Anonymous said...

What a wonderful post, this really spoke to me as I have had to battle with some of the issues you raise in recent days.

The quote by Virginia Lefler is just beautiful! I will remember that :)

I also think that we as women are weaker vessels in that we must come under the protection of our husbands both physically and spiritually - which is why I believe women shouldn't be church leaders because we step out from that protection. It's not that we aren't equal in the eyes of God but simply that our marriage must paint a picture of what the church should be under Christ...I'm not explaining myself well.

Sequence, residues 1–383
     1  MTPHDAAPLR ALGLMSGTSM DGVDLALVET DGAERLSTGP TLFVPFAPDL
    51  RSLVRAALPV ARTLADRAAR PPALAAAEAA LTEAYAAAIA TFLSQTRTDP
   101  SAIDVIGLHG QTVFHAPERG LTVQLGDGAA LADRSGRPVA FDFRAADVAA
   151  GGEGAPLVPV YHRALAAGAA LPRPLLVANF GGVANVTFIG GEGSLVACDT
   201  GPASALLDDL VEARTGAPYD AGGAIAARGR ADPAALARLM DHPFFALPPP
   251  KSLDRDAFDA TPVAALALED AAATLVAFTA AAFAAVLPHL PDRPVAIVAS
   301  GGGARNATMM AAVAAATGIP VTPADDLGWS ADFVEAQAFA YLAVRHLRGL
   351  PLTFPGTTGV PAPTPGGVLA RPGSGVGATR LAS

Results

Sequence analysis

Great post Elizabeth, thanks.

Elizabeth said...

I think you expressed yourself very well, Mrs. Blythe. Good points. :)


Susanne said...

Very convicting. There is much to think on here and lots of practical steps to take. I'm going to mark this as unread so I can keep coming back to it and go over different parts.

Elizabeth said...

Hi Suzanne,

Well, I am being convicted by studying this out, myself! We'll all grow together.